Swapan Chattopadhyay reflects on the extraordinary fundamental value of accelerators.
Five years ago, I wrote in this column when I had just made the transition to Jefferson Lab
(see CERN Courier October 2002 p46). Promising developments in hadronic physics, microwave superconductivity, free-electron lasers and efficient energy-recovery techniques in accelerators were beckoning me – after 25 colourful years at Berkeley, including two spent at CERN. I was also concerned about the longevity of a profession in which I had personally invested. I had seen the attrition of talents, many of whom I mentored, to other professions, driven by socio-economic realities of large particle accelerators. This inspired me to motivate accelerator-science practitioners to diversify their portfolio by developing the small and mezzo-scale engines that would drive emerging nano- and bio-sciences. Today, on the eve of another personal transition as I prepare to take the helm at the UK’s Cockcroft Institute, new developments and challenges once again invite comment.
I observe a few key developments contributing at the frontier of “discovery”, while others attest to “innovation” and “diversification”. These include: development of electron, proton and ion beams of unprecedented precision based on normal and superconducting material technology and advanced feedback control; diversification and growth of synchrotron radiation sources worldwide; evolution of sophisticated table-top laser-plasma acceleration techniques with necessary control to produce giga-electron-volt electron beams; demonstration of self-amplified spontaneous emission for the planned X-ray free-electron lasers; demonstration of efficient energy use and recovery in superconducting linacs; and production of ultra-short femtosecond flashes of electrons, infrared light and X-rays for studies of ultra-fast phenomena – to name but a few.
I also admit to occasional sombre worries that perhaps accelerators will be just a passing moment in history. But I was always awakened by the realization that particle accelerators have been and must continue to be singularly distinctive instruments of discovery and innovation, in various measures. What we are witnessing is a mere partitioning of the balance between these values in the context of the evolving human condition. We have consolidated the “discovery” sector and diversified the “innovation” sector. The fundamental value of accelerators, articulated in my 2002 Viewpoint, remains invariant: they package and focus energy and information in patterns of space–time bursts to serve a multitude of human pursuits – hence their universal, timeless appeal. Amazing particles and light, carrying focused energy and information in special staccato-fashion, beam into matter and life, illuminating what our eyes do not see and manipulating what our hands cannot.
Throughout the 20th century, fundamental discoveries were enabled by bold conception and realization of ever-larger particle accelerators, which today must be consolidated into just a few carefully selected facilities so large that they can only be supported internationally. Hence the emergence of but a few grand future machines: the Large Hadron Collider, the X-ray free-electron lasers, a potential International Linear Collider (ILC- or CLIC-based), and neutrino/muon facilities. This consolidation is a must for mastering the global resources necessary to discover fundamentals at the core of the physical world: hidden dimensions, symmetries and structures; origins of mass, dark matter and dark energy; unification of gravity; and exotic states of matter.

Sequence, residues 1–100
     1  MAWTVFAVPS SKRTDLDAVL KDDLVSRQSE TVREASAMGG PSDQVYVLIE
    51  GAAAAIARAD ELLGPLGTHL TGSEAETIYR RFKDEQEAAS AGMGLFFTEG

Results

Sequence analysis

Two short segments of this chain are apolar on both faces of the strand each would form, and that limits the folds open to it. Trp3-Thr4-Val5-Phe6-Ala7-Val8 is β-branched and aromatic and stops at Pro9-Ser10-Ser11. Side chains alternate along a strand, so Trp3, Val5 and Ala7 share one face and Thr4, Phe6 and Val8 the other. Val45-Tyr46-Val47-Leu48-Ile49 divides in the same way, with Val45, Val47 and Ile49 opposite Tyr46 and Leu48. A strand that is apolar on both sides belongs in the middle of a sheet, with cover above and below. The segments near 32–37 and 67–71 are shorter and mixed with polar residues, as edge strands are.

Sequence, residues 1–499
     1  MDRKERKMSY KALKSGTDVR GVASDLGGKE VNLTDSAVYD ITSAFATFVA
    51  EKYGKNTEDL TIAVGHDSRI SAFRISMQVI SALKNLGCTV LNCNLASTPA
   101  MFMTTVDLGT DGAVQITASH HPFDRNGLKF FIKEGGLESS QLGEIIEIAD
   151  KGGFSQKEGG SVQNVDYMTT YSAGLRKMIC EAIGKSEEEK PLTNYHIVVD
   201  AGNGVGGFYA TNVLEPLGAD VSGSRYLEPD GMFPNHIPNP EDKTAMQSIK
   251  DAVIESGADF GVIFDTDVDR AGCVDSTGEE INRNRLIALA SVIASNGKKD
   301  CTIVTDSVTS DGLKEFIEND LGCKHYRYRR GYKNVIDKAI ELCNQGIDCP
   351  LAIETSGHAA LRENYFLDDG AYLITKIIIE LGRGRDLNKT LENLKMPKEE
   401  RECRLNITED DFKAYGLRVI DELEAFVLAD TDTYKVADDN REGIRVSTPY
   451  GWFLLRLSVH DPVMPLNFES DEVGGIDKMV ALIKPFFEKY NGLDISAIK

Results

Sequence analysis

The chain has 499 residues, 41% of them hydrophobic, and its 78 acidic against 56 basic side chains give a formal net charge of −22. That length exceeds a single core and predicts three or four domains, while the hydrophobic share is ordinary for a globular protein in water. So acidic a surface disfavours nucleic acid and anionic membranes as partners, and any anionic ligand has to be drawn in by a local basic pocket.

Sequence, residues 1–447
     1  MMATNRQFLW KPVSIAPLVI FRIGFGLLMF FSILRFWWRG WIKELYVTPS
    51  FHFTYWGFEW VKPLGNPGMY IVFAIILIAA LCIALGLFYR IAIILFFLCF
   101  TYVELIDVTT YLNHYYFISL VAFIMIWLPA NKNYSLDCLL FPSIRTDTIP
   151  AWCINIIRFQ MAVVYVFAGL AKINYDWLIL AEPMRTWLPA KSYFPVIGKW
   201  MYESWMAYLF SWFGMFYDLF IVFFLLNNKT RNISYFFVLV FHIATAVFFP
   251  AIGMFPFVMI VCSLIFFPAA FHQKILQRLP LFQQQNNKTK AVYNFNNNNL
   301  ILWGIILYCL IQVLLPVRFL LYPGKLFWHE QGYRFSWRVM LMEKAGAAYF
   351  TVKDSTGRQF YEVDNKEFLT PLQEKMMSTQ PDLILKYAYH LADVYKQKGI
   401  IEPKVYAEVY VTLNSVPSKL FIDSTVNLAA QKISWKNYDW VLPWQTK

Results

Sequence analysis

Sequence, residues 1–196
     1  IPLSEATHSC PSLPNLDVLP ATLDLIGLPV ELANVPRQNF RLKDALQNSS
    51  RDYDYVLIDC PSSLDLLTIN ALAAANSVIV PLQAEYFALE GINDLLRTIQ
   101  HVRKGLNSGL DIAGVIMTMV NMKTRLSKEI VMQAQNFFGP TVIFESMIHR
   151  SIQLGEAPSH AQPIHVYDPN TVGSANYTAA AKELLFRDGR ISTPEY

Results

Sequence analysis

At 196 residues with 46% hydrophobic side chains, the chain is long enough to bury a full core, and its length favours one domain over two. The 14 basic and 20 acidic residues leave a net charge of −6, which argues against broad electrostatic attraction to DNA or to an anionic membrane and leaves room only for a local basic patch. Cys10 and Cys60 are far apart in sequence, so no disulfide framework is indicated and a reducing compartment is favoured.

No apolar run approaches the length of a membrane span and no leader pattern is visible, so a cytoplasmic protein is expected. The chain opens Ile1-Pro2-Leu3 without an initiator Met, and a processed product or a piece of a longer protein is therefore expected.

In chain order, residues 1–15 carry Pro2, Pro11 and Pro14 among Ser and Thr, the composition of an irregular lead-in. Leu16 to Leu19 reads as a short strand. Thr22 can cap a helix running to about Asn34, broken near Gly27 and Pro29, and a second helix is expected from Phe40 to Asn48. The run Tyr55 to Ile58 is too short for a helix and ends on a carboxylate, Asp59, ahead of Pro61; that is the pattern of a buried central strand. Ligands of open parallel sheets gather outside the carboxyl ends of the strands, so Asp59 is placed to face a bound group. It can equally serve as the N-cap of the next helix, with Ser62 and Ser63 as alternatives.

In parallel with that consolidation, we continue to anticipate tremendous diversification in the innovation sector of clever techniques and merger of technologies in creating unique bursts of particles and light. These efforts will lead not only to novel affordable scientific devices (for example, energy-recovery and laser-plasma-based compact high-brightness particle and light sources), but also to an increasing set of affordable instruments and processes that more directly enrich our everyday lives (such as novel medical imaging, diagnostics, therapy and radiation oncology; micro-machined instruments for use in medicine, scientific research, information technology and space exploration; designer nano-materials; and knowledge of complex protein structures for drug discovery).
The vision is one of discovering the secrets of the hidden energy and matter in the universe’s evolution; of understanding the protein as the molecular engine of life through studying its energetics and structural folding; of innovating new eco- and bio-friendly materials for human use; and of eliminating radioactive waste and dependence on fossil fuels. Extraordinarily clever particle accelerators drive this at all scales from “small” to “mezzo” to “grand”.
Is this just a dream? Inspired by US poet Carl Sandburg, I respond: “Nothing happens, unless first a dream.”
Swapan Chattopadhyay, inaugural director of the Cockcroft Institute, Sir John Cockcroft Chair of Physics, Universities of Liverpool, Manchester and Lancaster, and associate director emeritus, Jefferson Lab.